Curbing the ‘murder’ on Ghana roads!

Thu, 16 Mar 2017 Source: Alhassan Bawah

By: Alhassan Bawah

A plethora of factors were identified as being responsible in one way or the other for the ‘murder’ on Ghana roads under a series of publications titled, ‘the murder on Ghana roads’, whose fault? These included, but not limited to, a lack of proper and adequate supervision of the transport sector by the DVLA and its sister institutions such as the National Road Safety Commission (NRSC), the lackadaisical approach by the MTTD of the Ghana Police Service to traffic management, the nature of our roads, the unreasonable road or directional signs, defective vehicles, ignorance, etc.

The ignorance exhibited by a majority of the motoring public is amazing in Ghana. It is a common sight to see motorists at fuel stations filling their fuel tanks way beyond the manufacturer’s recommended fuel intake. For safety reasons, some space ought to be left in every vehicle’s fuel tank after refuelling to prevent the vehicle from catching fire resulting from the fuel tank exploding. However, at filling stations in our part of the world, vehicles are tilted to the opposite side of the tank to enable more fuel intake, as if that is the ‘last supper’ being sold. This is ignorance at its best! This is not right and must be stopped. Fuel stations must be penalised when caught filling motorists’ fuel tanks beyond the manufacturer’s recommended fuel intake.

Another commonly seen ignorant behaviour on our roads is the use of cab walk lights and construction/farm lights by heavy duty trucks. The cab walk light, located in between the unit (articulator head) and the trailer, is supposed to be used only at night for visibility purposes when a trailer is being coupled (joining the unit to the trailer) or being uncoupled (detaching the unit from the trailer). The construction/farm lights, as the name suggests, is for use only at construction sites or on farms, at night.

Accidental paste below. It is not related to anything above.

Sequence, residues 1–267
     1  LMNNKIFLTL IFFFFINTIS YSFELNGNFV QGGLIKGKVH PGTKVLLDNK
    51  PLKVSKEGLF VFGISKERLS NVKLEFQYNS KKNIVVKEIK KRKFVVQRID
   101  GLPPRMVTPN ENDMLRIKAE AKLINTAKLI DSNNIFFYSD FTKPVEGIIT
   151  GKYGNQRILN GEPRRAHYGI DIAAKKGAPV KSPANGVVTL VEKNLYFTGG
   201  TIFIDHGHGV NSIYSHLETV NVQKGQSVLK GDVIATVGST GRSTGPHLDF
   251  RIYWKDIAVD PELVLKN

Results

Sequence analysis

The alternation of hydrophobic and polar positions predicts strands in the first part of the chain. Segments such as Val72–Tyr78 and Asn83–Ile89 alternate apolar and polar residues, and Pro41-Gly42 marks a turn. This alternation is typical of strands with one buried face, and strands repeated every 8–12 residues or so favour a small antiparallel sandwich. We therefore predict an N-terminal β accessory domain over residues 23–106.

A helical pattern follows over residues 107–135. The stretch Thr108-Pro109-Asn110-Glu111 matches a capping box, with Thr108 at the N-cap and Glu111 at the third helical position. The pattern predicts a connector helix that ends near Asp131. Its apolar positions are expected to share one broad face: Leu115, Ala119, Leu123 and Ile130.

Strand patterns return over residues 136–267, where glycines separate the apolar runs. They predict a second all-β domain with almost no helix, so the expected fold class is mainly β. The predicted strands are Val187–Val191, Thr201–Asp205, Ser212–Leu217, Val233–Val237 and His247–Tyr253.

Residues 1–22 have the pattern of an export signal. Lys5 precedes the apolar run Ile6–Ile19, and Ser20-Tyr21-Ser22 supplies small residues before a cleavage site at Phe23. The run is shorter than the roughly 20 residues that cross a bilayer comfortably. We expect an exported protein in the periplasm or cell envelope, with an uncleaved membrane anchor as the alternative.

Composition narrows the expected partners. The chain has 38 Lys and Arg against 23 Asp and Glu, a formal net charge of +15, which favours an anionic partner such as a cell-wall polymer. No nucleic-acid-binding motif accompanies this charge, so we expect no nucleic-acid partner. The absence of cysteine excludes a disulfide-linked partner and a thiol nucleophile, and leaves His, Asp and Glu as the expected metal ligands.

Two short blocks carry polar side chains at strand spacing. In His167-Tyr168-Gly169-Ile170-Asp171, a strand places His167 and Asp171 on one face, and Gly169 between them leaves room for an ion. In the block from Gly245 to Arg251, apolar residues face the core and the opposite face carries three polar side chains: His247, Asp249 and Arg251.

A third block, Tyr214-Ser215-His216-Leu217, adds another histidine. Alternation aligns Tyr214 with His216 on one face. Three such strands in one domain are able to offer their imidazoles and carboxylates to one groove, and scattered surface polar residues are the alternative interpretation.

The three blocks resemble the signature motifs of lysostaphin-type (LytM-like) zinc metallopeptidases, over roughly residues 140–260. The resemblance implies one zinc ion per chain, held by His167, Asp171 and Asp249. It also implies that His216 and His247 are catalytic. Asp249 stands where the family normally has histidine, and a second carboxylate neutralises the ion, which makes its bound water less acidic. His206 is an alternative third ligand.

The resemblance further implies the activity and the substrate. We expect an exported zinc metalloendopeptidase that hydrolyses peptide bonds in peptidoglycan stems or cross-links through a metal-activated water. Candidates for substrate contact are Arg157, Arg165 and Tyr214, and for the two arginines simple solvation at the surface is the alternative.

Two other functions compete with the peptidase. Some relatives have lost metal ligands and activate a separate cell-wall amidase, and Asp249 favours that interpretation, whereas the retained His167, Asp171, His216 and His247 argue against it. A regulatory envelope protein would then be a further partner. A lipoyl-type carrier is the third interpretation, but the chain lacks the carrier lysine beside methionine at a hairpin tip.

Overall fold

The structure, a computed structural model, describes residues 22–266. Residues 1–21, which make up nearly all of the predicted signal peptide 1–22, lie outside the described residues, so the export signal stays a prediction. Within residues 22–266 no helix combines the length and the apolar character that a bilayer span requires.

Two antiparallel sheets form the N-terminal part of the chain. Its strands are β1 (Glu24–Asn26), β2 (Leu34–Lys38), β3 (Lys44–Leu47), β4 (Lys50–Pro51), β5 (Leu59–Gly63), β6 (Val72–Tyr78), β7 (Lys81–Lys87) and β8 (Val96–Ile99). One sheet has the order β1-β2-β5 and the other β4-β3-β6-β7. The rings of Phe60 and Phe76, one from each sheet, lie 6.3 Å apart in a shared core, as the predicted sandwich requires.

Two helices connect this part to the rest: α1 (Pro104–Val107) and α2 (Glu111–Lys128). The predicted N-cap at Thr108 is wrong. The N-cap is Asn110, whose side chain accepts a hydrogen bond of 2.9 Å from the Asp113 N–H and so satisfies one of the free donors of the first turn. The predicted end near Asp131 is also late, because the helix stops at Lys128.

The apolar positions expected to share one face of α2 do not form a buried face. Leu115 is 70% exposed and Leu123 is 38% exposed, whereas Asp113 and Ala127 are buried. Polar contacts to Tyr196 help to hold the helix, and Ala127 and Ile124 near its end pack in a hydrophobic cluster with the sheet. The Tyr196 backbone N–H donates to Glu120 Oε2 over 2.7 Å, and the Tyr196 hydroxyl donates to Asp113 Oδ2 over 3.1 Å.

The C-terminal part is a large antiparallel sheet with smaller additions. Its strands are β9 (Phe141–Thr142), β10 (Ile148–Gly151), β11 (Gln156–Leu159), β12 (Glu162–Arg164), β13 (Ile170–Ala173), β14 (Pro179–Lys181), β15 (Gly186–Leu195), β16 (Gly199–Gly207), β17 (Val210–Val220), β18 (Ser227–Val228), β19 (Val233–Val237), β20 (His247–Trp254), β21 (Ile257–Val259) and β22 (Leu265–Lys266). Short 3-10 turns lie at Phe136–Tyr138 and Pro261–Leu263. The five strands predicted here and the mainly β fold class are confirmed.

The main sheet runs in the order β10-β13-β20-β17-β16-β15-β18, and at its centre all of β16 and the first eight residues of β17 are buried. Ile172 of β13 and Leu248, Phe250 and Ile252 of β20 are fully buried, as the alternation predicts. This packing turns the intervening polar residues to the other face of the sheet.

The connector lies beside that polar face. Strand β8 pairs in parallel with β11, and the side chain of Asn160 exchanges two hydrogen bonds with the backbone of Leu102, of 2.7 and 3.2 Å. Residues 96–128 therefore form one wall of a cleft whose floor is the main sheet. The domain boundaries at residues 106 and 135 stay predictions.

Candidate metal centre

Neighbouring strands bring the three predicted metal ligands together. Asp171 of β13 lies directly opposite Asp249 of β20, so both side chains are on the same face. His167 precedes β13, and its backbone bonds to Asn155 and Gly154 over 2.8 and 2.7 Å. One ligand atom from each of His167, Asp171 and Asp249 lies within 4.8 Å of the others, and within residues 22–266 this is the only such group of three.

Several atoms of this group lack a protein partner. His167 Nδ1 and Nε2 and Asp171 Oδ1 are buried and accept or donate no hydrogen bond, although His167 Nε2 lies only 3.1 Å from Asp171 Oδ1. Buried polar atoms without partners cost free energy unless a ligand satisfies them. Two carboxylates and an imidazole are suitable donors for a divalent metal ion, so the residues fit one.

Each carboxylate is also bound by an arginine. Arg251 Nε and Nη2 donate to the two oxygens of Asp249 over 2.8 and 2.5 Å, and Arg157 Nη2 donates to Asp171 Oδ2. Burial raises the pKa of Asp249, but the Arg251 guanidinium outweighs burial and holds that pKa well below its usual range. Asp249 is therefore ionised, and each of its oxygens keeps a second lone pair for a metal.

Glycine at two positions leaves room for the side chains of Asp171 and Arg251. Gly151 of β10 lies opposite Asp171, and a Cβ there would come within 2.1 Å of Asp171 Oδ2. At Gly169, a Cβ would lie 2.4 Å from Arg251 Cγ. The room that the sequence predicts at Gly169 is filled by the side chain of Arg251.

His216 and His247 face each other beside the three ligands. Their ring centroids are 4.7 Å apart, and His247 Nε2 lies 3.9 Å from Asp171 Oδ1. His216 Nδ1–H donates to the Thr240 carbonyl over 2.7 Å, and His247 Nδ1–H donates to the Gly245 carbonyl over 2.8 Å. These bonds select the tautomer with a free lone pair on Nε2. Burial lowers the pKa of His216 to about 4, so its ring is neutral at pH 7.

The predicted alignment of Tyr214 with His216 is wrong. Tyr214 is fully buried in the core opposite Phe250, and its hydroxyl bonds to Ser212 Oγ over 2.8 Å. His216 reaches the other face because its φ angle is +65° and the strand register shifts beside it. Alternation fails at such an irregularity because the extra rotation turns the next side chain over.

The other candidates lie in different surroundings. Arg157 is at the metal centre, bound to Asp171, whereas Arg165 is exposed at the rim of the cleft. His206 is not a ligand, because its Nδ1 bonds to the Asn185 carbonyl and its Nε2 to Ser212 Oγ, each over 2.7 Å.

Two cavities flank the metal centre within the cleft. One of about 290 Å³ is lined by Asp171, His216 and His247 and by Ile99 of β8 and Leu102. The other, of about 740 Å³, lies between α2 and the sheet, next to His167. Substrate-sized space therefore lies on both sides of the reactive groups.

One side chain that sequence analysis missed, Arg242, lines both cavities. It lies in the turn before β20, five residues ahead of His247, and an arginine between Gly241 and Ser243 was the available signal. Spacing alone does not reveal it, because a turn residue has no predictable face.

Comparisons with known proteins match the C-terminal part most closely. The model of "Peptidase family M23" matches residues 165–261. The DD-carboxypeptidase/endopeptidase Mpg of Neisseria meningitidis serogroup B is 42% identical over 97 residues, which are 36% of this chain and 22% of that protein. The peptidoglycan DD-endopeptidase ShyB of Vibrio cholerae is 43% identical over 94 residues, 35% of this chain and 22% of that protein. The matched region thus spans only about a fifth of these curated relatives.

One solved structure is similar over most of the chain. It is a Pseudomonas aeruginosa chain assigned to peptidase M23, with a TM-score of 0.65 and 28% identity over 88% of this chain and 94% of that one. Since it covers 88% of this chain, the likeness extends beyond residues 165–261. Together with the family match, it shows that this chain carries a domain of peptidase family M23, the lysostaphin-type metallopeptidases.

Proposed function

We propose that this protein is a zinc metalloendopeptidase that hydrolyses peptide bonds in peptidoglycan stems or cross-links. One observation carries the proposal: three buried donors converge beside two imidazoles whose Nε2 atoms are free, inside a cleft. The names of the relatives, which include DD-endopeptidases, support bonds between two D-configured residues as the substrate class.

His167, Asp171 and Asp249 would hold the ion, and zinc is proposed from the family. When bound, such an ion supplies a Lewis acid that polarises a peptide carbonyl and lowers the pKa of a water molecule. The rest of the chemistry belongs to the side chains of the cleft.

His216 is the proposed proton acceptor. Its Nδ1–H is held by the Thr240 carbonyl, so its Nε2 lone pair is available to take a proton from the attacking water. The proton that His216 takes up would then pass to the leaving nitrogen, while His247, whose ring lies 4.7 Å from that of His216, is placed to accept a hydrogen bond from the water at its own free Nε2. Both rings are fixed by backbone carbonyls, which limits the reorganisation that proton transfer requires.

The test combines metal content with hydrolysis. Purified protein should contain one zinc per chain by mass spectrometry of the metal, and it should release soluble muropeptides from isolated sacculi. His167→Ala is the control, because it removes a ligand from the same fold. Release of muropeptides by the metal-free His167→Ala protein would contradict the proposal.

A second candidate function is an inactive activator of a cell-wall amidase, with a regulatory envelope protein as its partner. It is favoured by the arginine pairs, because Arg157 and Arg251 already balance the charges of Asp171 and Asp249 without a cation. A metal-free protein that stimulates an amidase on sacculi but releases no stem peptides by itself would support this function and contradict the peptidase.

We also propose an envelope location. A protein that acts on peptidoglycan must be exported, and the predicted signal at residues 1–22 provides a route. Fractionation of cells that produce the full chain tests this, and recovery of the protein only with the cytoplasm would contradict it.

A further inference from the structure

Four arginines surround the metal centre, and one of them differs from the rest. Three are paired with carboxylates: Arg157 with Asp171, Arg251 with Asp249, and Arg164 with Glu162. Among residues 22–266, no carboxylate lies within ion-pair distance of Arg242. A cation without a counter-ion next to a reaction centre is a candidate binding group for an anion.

The construction/farm lights are headlights fitted to the rear top of the unit, just like the front headlights. These are not supposed to be switched on when driving on public roads at all times. These rear pointing lights, blinds the motorists behind such vehicles, thereby making driving very difficult. The Police appear to be ignorant as well with regards to the use of these lights. On several occasions, the Police personnel stand by the roadside staring into empty space whilst trucks drive past with these ‘killer’ lights on. This must not be permitted.

The issue of containers falling off trucks on the roads is a disgrace to this country. All containers come with specially designed holes at all the four corners for twist locks. The twist locks are supposed to be fitted to the flatbed, so that as soon as a container is picked up, they are twisted to lock it in. On the other hand, a strap is meant to hold load inside the truck, for example, pulled across crates of tomatoes inside the lorry to stop the load from falling over whilst the vehicle is in motion, and not to hold a container to a flatbed truck whether laden or unladen as the norm in Ghana. The use of twist locks ought to be enforced. The use of straps to hold containers onto flatbeds must be banned as a matter of urgency.

Furthermore, the use of hazard lights (double traffic indicators) for other ‘stupid’ purposes other than when stationary and put on to warn other motorists of a hazard, must attract severe sanctions, including spending time behind bars. When hazard lights are used for the sake of weaving through stationary traffic, and other illegal purposes, other motorists can no longer be given prior warning via a signal/indicator of the intention of the motorists displaying the hazard lights. Whether the motorists displaying the hazard lights is turning left or right, is known to him only. Some so-called educated people are guilty of this flagrant abuse of traffic indicators.

To be continued!

Alhassan Salifu Bawah Lecturer and Social Commentator saliba101@yahoo.com

Columnist: Alhassan Bawah